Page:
It is my current privilege as pastor of Pasadena First Church of the Nazarene to preach each Sunday from a pulpit that belonged originally to Phineas F. Bresee. There is some good-natured debate as to whether or not it was the only pulpit that belonged to Bresee or even how special thisparticular pulpit was to him, but in our minds, the faithful in Pasadena are the true guardians of the pulpit of Bresee.
Tradition is the living faith of the dead; traditionalism is the dead faith of the living. Tradition lives in conversation with the past, while remembering where we are. – Jaroslav Pelikan
It is not surprising that after a century of development, extension into vast global contexts, and rapidly changing social, economic, and political landscapes, the Church of the Nazarene would be wrestling with questions of identity. Struggling to continually redefine, recontextualize, and renarrate the core values and convictions of faith is a vital part of being a living tradition. One of the key ways that traditions thrive in the future is by reaching back and retelling the stories andcelebrating the people who set the trajectory for the movement.
A living tradition, as church historian Jaroslav Pelikan so beautifully states above, cannot simply return to its past; it has to embody it anew. It is impossible to think about recapturing the spirit of the Church of the Nazarene without examining the founding influence of Bresee. Any rearticulation of the legacy of the denomination has to take seriously his life, his passion, and his deepest convictions.
But without a thoughtful record of his life and ministry—like battles over wardrobes and pulpits—the church can often co-opt an influential leader’s memory for their own purposes.In these days of frequently contested identity in the church, one might wonder, who are the true “children of Bresee” today?
There are many things that I hope a new generation of church leaders will glean from Bresee’s life, but let me name just three.
First, it is my hope that in every generation the heirs of the Church of the Nazarene will be shaped by Bresee’s passion for the poor. Every Nazarene should know that the denomination’s name came not just from the connection to Jesus of Nazareth, but from the understanding that the word “Nazarene” had derogatory overtones (as demonstrated by Nathaniel in John 1:46: “Can anything good come from Nazareth?” [GW*]). Bresee’s church would be centered on Jesus the Nazarene but would also be oriented toward those marginalized persons from whom nothing good was expected to come.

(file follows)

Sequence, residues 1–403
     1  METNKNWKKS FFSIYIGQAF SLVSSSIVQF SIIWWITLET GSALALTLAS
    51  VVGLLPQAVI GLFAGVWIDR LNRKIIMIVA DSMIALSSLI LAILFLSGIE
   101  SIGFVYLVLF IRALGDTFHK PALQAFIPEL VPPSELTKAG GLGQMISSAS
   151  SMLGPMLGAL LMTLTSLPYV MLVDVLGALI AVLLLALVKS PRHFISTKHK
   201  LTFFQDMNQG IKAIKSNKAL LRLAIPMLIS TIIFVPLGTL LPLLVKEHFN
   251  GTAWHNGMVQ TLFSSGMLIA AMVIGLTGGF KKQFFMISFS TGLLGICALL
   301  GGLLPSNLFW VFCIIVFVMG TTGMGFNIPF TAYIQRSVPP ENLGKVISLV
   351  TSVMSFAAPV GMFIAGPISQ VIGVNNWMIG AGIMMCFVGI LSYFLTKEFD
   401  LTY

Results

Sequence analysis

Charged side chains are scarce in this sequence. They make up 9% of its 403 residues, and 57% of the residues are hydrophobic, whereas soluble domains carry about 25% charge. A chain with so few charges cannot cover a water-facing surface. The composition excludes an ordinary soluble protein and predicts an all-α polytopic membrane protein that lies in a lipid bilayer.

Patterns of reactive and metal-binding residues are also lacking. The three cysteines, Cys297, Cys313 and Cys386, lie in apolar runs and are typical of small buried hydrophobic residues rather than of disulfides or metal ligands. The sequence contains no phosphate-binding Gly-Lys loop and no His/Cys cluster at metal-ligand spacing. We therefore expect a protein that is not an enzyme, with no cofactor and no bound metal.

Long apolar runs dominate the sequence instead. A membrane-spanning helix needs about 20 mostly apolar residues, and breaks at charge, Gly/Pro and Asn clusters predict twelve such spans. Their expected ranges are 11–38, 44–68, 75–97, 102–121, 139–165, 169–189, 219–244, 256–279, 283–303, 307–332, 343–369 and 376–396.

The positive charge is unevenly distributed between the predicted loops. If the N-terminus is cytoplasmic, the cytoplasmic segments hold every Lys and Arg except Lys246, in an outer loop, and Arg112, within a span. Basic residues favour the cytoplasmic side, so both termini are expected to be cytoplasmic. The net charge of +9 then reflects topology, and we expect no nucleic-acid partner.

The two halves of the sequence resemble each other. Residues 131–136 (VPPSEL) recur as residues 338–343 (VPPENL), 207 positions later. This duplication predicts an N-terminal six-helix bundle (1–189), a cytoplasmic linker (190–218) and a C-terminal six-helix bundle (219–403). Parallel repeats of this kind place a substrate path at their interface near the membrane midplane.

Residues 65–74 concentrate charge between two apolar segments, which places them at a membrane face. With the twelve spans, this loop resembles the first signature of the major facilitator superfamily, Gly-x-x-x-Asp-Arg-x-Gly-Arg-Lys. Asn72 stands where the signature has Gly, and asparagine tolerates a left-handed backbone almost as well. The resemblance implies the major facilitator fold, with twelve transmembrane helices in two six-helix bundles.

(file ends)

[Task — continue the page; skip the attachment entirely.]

In a day not unlike the day Bresee faced over a century ago, when people are still abandoning the poor in urban centers globally, the church should be reminded of statements like this from Bresee: “We can get along without rich people, but not without preaching the gospel to the poor.”
Many of the faithful in the evangelical tradition since the time of Bresee have been deeply shaped by eschatologies that lack hope. In other words, the generationthat currently leads the church was largely shaped by theological systems whose future expectations were that God’s plan is to redeem a few out of the world before its eventual destruction. It should not surprise us that people shaped with those kinds of expectations often embody a gospel that isolates the church from the world and, like the prophet in the fourth chapter of Jonah, sits outside the city waiting for the world’s great cities and cultures to be destroyed, while God is busy at work redeeming the lost of Nineveh.
Bresee led Nazarenes into the darkest corners where sin abounded, because he was convinced of the transforming power of God's grace and Spirit to bring light into darkness, to bring holiness where there was sin, and to bring life out of death.
Finally, I also am hopeful that those who wrestle with making today’s church a living reflection of Bresee’s character will discover his commitment to unity on essentials while negotiating and leading an incredibly diverse group of people. It is important to remember that the Church of the Nazarene was formed more by the merging of people with similar passions and values than it was the leaving of disgruntled people from other traditions and denominations. Bresee was so devoted to the vision of holiness that many other nonessentials clearly became secondary.
In a time of rapid cultural and global changes, the questions of orthodoxy constantly rise to the surface. Technology and social media have done a lot of good things, but in the church they can often be instruments of division rather than unity. Leaders with Bresee’s wisdom and conviction are desperately needed today to hold a group far more diverse than Bresee ever encountered united together around the essentials of the call to be holy as God is holy.
Bresee was far from perfect and like all great people he was profoundly shaped by his particular moment in time. But God also used him to begin a movement that has gone far beyond what Bresee likely could have imagined. I hope that those of us called to lead the church today [are] connected with his heart so that the best days of Bresee’s original vision are still out ahead of the Church of the Nazarene.
T. SCOTT DANIELS is senior pastor of Pasadena (CA) First Church of the Nazarene and also Dean and Professor of the School of Theology at Azusa Pacific University.
*Note: Scripture marked GW is taken from God’s Word®. Copyright 1995 God’s Word to the Nations. Used by permission of Baker Publishing Group. All rights reserved.
Taken from Phineas Bresee by Carl Bangs, abridged by Stan Ingersol © 2013 by Beacon Hill Press of Kansas City, MO. Used by permission of Publisher. All rights reserved. Visit www.beaconhillbooks.com to purchase this title.